by Jennifer A. Mai, Debra Stern, John H. Hollman, Barbara A. Melzer, Alecia K. Thiele, and Rebecca S. Rosenthal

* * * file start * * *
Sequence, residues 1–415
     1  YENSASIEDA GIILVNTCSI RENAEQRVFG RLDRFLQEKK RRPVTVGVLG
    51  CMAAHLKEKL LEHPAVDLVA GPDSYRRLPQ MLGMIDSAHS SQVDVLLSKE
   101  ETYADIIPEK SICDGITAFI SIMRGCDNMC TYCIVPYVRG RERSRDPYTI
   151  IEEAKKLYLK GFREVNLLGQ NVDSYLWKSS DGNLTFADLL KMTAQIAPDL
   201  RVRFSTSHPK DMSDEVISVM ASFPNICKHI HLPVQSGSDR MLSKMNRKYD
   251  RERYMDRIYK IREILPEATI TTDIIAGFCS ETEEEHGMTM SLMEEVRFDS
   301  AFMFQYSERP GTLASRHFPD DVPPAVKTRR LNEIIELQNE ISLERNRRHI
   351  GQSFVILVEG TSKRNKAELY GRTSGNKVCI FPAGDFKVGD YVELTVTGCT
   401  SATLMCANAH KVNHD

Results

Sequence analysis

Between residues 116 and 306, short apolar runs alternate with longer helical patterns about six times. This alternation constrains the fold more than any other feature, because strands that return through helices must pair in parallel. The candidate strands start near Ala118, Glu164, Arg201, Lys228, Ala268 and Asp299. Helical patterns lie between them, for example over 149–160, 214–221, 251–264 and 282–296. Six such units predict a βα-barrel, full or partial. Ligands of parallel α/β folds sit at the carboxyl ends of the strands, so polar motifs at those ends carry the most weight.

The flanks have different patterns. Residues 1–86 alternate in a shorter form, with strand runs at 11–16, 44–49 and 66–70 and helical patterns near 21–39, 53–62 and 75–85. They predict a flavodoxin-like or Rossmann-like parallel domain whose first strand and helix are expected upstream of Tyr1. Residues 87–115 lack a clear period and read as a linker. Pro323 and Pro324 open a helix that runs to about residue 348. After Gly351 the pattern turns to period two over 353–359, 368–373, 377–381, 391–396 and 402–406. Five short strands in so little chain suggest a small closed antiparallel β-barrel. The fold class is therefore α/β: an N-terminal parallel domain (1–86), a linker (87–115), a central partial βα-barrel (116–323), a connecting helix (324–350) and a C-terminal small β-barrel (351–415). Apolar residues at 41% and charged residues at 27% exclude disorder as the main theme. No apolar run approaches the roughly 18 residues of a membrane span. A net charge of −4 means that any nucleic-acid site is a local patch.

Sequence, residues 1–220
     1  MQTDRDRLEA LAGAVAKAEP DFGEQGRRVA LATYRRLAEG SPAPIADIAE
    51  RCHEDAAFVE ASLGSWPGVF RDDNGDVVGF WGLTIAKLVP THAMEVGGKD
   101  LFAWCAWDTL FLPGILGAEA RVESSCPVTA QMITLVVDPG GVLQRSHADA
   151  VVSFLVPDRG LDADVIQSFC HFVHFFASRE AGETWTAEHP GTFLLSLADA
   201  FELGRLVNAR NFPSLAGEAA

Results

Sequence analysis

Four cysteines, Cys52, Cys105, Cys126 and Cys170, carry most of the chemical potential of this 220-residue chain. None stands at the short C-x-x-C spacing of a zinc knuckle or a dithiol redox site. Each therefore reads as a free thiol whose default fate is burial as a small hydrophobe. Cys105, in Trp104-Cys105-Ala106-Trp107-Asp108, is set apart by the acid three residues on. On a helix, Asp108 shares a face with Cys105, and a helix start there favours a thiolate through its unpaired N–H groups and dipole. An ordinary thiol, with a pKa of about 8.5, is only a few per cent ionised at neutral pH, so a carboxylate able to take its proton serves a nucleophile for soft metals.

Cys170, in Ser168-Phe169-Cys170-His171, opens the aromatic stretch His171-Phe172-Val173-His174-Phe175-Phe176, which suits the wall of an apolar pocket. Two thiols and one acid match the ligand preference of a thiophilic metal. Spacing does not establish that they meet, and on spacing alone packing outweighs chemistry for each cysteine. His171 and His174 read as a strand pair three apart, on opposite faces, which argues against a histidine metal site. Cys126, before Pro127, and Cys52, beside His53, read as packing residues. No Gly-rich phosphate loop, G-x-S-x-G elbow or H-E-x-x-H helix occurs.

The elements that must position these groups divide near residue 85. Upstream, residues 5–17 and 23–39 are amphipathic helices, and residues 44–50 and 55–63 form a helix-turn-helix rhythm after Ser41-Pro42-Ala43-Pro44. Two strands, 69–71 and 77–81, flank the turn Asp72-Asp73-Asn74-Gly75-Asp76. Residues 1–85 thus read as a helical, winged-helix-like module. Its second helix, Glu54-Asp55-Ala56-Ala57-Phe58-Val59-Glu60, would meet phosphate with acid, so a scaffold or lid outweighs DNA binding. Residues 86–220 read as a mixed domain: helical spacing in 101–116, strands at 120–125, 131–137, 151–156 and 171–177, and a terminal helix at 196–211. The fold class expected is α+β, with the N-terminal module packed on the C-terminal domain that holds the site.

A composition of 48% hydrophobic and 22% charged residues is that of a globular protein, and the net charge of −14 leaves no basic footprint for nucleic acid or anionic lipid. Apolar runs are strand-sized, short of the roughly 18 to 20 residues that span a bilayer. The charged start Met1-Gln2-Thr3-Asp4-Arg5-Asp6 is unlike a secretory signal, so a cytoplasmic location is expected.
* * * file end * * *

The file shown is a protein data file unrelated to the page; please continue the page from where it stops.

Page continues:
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Introduction. Appropriate interpersonal skills between physical therapists and patients/clients are critical for successful physical therapy clinical outcomes. The purpose of this study was to examine whether the inclusion of integrated clinical experiences (ICEs) in physical therapist education curricula helped students develop appropriate interpersonal skills prior to entering into the first full-time clinical experiences compared to students without the experience. Subjects. This 2-part study consisted of 162 student subjects participating in a survey that was a self-assessment of readiness, and 36 student subjects were observed and rated. Methods. Academic coordinators of clinical education/directors of clinical education (ACCE/DCE) teams and students from 4 accredited physical therapist education programs participated. The study subjects were considered trained or untrained. Trained subjects had participated in an ICE prior to their first, full-time clinical internship as part of an entry-level physical therapist education program. The untrained group had no or minimal formal clinical experience. All subjects completed the Interpersonal Communication Questionnaire (ICQ),1 which measures self-perceived communication confidence and anxiety (both subscales of the tool) prior to the first full-time internship. An adapted form of the Medical Communication Behavior System (MCBS)2 was used to observe the subjects’ interpersonal skills in the clinic for the first 15 minutes of an intervention session. This occurred during a preplanned site visit by the ACCE/DCE between day 5 and day 15 of the internship. Descriptive statistics were used for demographic data, and comparisons between groups were analyzed through the 1-way analysis of covariance (ANCOVA) and the Mann-Whitney U test. Results. A statistically significant difference was found on the ICQ between students with work experience as a physical therapist aide or technician, and those without this experience (F = 6.877, P = .010). Students in the trained group scored significantly higher on the confidence subscale of the ICQ (F = 4.269, P = .041), the Student Physical Therapist Content Behaviors category (U = 86.5, P = .018), and the Affective Behaviors category (U = 67.0, P = .002) measured by the MCBS. Discussion and Conclusion. Study findings provide evidence that participating in an ICE may improve interpersonal skills among students during the first, full-time clinical internship. Limitations include training for data collection at different times, data collectors choosing which students would be observed based on travel schedules, the narrow timeframe of observations, and the potential for Hawthorne effect. Further research is indicated regarding the development of interpersonal skills in physical therapist students, including the development of a tool that can be easily used in the clinic to objectively measure interpersonal skills. As outcome measurement is necessary for accreditation purposes, development of a practical instrument to measure interpersonal skills in real time is suggested. Key Words: Clinical education, Communication, Interpersonal skills, Integrated clinical experience.